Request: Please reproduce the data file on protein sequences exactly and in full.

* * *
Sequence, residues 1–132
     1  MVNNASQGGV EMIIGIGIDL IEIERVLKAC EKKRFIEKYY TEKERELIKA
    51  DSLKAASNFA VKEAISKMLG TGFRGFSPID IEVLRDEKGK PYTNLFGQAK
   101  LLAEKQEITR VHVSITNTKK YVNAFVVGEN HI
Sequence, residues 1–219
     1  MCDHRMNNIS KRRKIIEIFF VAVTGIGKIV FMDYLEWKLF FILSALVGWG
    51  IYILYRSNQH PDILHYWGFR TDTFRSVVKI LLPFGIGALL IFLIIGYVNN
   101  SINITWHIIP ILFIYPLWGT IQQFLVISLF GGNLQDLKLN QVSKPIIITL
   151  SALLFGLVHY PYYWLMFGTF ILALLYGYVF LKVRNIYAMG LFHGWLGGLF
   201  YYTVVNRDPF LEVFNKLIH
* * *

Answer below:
Sequence, residues 1–132
     1  MVNNASQGGV EMIIGIGIDL IEIERVLKAC EKKRFIEKYY TEKERELIKA
    51  DSLKAASNFA VKEAISKMLG TGFRGFSPID IEVLRDEKGK PYTNLFGQAK
   101  LLAEKQEITR VHVSITNTKK YVNAFVVGEN HI
Sequence, residues 1–219
     1  MCDHRMNNIS KRRKIIEIFF VAVTGIGKIV FMDYLEWKLF FILSALVGWG
    51  IYILYRSNQH PDILHYWGFR TDTFRSVVKI LLPFGIGALL IFLIIGYVNN
   101  SINITWHIIP ILFIYPLWGT IQQFLVISLF GGNLQDLKLN QVSKPIIITL
   151  SALLFGLVHY PYYWLMFGTF ILALLYGYVF LKVRNIYAMG LFHGWLGGLF
   201  YYTVVNRDPF LEVFNKLIH